Key Question

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32 2 (Key Question) Why does the Federal Reserve require commercial banks to have reserves? Explain why reserves are an asset to commercial banks but a liability to the Federal Reserve Banks. What are excess reserves? How do you calculate the amount of excess reserves held by a bank? What is the significance of excess reserves?

Reserves provide the Fed a means of controlling the money supply. It is through increasing and decreasing excess reserves that the Fed is able to achieve a money supply of the size it thinks best for the economy.

Reserves are assets of commercial banks because these funds are cash belonging to them; they are a claim the commercial banks have against the Federal Reserve Bank. Reserves deposited at the Fed are a liability to the Fed because they are funds it owes; they are claims that commercial banks have against it.

Excess reserves are the amount by which actual reserves exceed required reserves: Excess reserves: Excess reserves = actual reserves - required reserves. Commercial banks can safely lend excess reserves, thereby increasing the money supply.

32 4 (Key Question) “When a commercial bank makes loans, it creates money; when loans are repaid, money is destroyed.” Explain.

Banks add to checking account balances when they make loans; these checkable deposits are part of the money supply. People pay off loans by writing checks; checkable deposits fall, meaning the money supply drops. Money is “destroyed.”

32 8 (Key Question) Suppose that Continental Bank has the simplified balance sheet shown below and that the reserve ratio is 20 percent:


(1) (2)

Liabilities and net worth

(1) (2)







Checkable deposits $100,000



a. What is the maximum amount of new loans that this bank can make? Show in column 1 how the bank’s balance sheet will appear after the bank has lent this additional amount.

b. By how much has the supply of money changed? Explain.

c. How will the bank’s balance sheet appear after checks drawn for the entire amount of the new loans have been cleared against this bank? Show this new balance sheet in column 2.

d. Answer questions a, b, and c on the assumption that the reserve ratio is 15 percent.

(a) $2,000. Column 1 of Assets (top to bottom): $22,000; $38,000; $42,000. Column 1 of Liabilities: $102,000.

(b) $2,000. The bank has lent out its excess reserves, creating $2,000 of new demand-deposit money.

(c) Column 2 of Assets (top to bottom): $20,000; $38,000; $42,000. Column 2 of Liabilities; $100,000.

(d) (a) $7,000. Column 1 of Assets (top to bottom): $22,000; $38,000; $47,000. Column 1 of Liabilities: $107,000.

(b) $7,000

(c) Column 2 of Assets (top to bottom): $15,000; $38,000; $47,000. Column 1 of Liabilities: $100,000.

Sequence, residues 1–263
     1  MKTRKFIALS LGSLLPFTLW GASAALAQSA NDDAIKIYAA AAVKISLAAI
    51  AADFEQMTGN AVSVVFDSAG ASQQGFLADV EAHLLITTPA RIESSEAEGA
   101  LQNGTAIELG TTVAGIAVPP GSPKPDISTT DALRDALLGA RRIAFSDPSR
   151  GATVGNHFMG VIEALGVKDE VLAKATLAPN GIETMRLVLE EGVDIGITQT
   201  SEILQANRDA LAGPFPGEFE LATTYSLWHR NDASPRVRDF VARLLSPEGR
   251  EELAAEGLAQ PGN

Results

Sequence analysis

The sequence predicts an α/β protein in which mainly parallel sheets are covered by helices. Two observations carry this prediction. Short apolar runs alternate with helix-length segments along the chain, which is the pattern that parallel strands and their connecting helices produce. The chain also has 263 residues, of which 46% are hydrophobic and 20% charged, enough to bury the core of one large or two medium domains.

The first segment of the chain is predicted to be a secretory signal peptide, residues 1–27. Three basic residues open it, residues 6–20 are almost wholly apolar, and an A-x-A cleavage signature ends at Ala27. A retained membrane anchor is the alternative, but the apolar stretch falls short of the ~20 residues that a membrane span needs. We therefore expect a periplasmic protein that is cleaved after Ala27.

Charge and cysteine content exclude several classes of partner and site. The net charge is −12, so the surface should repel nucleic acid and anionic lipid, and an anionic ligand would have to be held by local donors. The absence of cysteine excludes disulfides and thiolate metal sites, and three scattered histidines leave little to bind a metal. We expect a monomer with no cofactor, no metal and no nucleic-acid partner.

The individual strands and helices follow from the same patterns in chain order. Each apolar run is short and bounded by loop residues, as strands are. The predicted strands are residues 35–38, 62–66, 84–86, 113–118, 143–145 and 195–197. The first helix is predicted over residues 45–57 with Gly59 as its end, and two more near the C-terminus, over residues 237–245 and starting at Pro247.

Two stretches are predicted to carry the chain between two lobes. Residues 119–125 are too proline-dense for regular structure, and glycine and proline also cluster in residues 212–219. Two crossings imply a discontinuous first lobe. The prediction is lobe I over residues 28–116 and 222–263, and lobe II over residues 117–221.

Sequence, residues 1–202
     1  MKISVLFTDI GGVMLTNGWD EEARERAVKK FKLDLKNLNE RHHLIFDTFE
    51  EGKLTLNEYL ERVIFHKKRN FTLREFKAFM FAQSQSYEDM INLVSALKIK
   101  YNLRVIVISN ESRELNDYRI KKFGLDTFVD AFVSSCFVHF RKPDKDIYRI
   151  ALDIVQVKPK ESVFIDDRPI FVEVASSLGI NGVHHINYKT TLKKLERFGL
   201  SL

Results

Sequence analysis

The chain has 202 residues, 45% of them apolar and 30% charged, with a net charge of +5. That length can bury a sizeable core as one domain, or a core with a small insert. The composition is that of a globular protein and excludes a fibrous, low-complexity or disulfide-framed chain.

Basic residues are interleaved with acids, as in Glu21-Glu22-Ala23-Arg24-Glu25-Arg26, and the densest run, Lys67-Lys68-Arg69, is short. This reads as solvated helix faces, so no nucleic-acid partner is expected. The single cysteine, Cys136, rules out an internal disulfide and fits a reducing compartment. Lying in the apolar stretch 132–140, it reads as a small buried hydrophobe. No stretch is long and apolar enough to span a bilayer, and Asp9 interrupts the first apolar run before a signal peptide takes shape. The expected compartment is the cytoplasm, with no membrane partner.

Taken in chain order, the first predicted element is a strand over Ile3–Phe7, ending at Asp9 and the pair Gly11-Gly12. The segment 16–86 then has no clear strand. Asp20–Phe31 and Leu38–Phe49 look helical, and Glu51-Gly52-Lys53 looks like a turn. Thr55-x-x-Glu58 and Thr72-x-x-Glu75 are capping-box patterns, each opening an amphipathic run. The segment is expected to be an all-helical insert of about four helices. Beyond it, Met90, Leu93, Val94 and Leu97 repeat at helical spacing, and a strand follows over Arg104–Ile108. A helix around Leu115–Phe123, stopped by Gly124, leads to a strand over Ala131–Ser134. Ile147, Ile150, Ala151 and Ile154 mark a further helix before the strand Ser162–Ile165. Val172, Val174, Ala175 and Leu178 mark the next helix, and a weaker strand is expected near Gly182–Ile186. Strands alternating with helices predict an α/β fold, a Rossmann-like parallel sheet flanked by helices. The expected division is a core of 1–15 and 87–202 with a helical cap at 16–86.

32 13 (Key Question) Suppose the simplified consolidated balance sheet shown below is for the entire commercial banking system. All figures are in billions. The reserve ratio is 25 percent.



Liabilities and Net Worth





$ 52 ___

48 ___

100 ___

Checkable deposits

$200 ___

a. What amount of excess reserves does the commercial banking system have? What is the maximum amount the banking system might lend? Show in column 1 how the consolidated balance sheet would look after this amount has been lent. What is the monetary multiplier?

b. Answer the questions in part a assuming that the reserve ratio is 20 percent. Explain the resulting difference in the lending ability of the commercial banking system.

(a) Required reserves = $50 billion (= 25% of $200 billion); so excess reserves = $2 billion (= $52 billion - $50 billion). Maximum amount banking system can lend = $8 billion (= 1/.25  $2 billion). Column (1) of Assets data (top to bottom): $52 billion; $48 billion; $108 billion. Column (1) of Liabilities data: $208 billion. Monetary multiplier = 4 (= 1/.25).

(b) Required reserves = $40 billion (= 20% of $200 billion); so excess reserves = $12 billion (= $52 billion - $40 billion). Maximum amount banking system can lend = $60 billion (= 1/.20  $12 billion). Column (1) data for assets after loans (top to bottom); $52 billion; $48 billion; $160 billion. Column (1) data for liabilities after loans: $260 billion. Monetary multiplier = 5 (= 1/.20). The decrease in the reserve ratio increases the banking system’s excess reserves from $2 billion to $12 billion and increases the size of the monetary multiplier from 4 to 5. Lending capacity becomes 5  $12 = $60 billion.

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